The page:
John Whaite’s GBBO recap: episode

John Whaite’s GBBO recap: episode

By John Whaite

It was the quarter-final in the baking vortex and the bakers were figuratively transported – on magic carpets woven from Mary Berry’s old bomber jackets and Paul’s gel-ridden hair clippings – to Paris for patisserie week.

Was anyone else saddened to realise that cream horns aren’t British? I suppose to most people it would be fairly obvious that they were a French invention, but growing up on cream horns, I came to assume they were a part of our own culture. Damn those French, they always come up with the best ideas.

For cream horns, a puff pastry of some description is required – either full puff or rough puff. In all honesty, it really doesn’t matter; I find both to be just as successful in their flaky yield.

But the big bad Hollywolf had such a bee in his bonnet about flour: he nagged Tamal like a crazed fishwife, all because the poor chap elected to use plain flour instead of strong. Again, it doesn’t really matter which flour you use. Strong flour gives a more resistant dough and so enables the rising pastry to stretch as the butter melts, forcing the layers apart. There’s a slight risk that with a plain flour puff, the pastry layers will crack as it expands, but it’s a minimal one.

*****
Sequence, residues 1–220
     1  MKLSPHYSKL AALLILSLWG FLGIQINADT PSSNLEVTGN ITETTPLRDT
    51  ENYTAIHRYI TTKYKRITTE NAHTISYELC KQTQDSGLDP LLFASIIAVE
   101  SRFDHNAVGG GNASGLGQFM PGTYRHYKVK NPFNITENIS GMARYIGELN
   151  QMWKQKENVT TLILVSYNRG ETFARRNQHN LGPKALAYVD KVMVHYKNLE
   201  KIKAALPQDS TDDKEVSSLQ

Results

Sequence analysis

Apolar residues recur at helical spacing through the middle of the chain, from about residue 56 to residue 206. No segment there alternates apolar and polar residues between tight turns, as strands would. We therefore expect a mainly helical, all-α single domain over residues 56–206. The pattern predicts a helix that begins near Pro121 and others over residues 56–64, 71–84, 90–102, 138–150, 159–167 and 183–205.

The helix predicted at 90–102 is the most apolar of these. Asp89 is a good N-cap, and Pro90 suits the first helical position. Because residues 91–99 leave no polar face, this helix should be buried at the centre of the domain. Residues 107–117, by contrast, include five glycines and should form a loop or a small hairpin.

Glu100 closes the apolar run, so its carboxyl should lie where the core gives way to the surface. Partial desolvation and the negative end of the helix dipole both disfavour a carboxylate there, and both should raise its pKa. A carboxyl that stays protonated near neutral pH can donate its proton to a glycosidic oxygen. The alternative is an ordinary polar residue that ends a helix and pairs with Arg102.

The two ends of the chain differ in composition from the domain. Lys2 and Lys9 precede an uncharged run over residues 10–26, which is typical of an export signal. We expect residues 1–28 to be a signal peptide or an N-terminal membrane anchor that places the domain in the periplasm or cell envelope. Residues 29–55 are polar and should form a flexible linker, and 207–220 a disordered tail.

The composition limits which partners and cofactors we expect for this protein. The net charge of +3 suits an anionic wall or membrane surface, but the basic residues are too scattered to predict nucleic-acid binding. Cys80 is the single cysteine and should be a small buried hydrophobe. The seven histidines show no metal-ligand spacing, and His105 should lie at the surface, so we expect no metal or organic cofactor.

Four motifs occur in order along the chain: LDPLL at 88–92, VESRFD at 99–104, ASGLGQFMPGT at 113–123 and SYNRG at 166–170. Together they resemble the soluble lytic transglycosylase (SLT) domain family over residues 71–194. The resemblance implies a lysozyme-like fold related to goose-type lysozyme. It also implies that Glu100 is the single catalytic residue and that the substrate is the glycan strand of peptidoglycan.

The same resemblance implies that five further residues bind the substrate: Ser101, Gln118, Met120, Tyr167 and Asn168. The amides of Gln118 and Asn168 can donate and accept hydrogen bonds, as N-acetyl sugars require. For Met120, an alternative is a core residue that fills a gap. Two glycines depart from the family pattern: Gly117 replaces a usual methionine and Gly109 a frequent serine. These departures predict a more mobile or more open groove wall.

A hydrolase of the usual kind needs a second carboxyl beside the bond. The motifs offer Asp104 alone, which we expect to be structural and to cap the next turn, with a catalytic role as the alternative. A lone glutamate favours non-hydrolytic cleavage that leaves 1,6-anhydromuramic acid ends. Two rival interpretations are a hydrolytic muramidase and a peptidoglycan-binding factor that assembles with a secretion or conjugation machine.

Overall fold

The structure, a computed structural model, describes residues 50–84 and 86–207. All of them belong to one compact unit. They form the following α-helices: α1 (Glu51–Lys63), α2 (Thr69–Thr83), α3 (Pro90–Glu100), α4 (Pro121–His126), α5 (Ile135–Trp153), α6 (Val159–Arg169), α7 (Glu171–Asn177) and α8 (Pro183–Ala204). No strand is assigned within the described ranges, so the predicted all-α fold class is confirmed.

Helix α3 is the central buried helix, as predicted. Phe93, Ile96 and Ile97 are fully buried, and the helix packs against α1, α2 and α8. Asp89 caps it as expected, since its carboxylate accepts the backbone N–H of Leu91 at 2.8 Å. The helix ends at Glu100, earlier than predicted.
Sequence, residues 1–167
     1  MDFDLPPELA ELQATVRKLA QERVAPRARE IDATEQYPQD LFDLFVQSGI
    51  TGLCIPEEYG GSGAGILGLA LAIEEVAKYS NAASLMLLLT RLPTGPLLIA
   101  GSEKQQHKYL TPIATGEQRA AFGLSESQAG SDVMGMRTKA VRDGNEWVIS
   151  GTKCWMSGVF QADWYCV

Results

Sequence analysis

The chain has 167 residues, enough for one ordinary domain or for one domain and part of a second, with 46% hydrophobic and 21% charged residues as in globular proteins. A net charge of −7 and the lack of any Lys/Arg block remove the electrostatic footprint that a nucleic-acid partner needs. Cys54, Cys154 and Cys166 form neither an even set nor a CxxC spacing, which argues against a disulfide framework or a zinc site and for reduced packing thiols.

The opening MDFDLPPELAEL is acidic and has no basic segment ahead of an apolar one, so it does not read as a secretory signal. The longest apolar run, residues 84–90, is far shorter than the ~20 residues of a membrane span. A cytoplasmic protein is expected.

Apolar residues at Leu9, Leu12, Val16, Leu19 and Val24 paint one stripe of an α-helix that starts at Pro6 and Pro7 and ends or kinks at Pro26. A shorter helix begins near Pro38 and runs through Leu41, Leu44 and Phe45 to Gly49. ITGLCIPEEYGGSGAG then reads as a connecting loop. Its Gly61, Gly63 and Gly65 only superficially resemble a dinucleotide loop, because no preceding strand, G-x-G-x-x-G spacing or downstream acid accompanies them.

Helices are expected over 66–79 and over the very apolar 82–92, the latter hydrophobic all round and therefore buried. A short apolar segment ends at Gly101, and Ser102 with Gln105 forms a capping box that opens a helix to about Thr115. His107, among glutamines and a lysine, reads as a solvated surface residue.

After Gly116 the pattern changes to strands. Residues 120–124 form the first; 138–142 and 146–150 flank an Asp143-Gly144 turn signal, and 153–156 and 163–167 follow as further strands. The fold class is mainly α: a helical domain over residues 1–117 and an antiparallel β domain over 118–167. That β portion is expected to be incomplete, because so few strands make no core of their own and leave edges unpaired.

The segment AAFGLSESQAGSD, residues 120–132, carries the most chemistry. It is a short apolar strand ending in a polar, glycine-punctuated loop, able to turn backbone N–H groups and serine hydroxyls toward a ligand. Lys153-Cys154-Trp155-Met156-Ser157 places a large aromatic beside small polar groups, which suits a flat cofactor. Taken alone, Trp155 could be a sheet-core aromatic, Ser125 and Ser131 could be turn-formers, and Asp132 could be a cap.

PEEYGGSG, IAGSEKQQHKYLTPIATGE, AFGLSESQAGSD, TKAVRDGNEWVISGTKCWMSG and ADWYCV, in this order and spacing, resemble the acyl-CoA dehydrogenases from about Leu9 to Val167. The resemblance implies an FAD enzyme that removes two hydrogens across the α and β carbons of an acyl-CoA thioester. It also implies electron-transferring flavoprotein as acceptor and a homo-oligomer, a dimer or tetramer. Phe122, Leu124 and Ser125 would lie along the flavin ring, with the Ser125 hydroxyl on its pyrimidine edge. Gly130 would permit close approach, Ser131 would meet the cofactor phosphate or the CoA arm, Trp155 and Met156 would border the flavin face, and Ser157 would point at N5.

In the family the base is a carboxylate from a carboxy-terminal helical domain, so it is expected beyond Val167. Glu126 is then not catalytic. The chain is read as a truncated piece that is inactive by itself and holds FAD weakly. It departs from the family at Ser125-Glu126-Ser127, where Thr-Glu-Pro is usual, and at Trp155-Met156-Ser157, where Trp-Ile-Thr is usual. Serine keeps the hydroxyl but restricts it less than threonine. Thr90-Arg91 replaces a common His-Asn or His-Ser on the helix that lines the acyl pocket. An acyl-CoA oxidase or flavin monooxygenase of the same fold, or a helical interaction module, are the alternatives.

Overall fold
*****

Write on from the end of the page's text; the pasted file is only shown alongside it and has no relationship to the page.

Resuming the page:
Filling the baked pastry horns seemed tricky for a few folk. Ideally, a filling to the same consistency as double cream is best– somewhere in between Flora’s oozing, watery puddles (in the horn Flora, not under it), and Paul’s crème pâtissière, so thick it might actually be able to glue the male judge’s mouth shut. He used enough cornflour to manufacture infinite supplies of bioplastic for the entire world.

Poor Paul (baker Paul that is) didn’t manage to save himself in the technical round; his mokatines were very flat. He didn’t even know how to make a genoise sponge. I’m sorry but this is the semi-final of the Great British Bake Off; if you don’t know your pound cake from your Genoese, you’re not welcome here.

Having said that, the folksy one (Ian) admitted he wasn’t very good at making cakes. It’s a good job Mary Berry wasn’t in earshot or she’d have leapt over the worktops and dragged him to the nearest bus stop. You just can’t say things like that in the tent; that’s blasphemy. But as he always does he came good, finishing second to Nadiya.

Finally, the bakers were asked to construct a religieuse a l’ancienne – a towering monstrosity of éclairs. As if the challenge wasn’t hard enough as it is, the bakers – after they’d battled with garishly coloured icing and softening choux pastry – were asked to leave for two hours before the judges’ critiques.

After lunch they returned to the marquee to receive their fate. Tamal and the folksy one managed to maintain their erect towers, while Paul, Flora and Nadiya’s towers toppled.

Flora elected to remove a layer to try and save hers; Paul’s was just a disaster; Nadiya’s had more of an angle than the leaning tower of Pisa – really she should have been awarded the Stirling Architecture Prize. Instead, she had to settle for star baker, even though her flavours were, according to Mezza, a big mistake.

Who do I think will make it through to the final? Nadiya, Iain and Tamal.

(All images from BBC)

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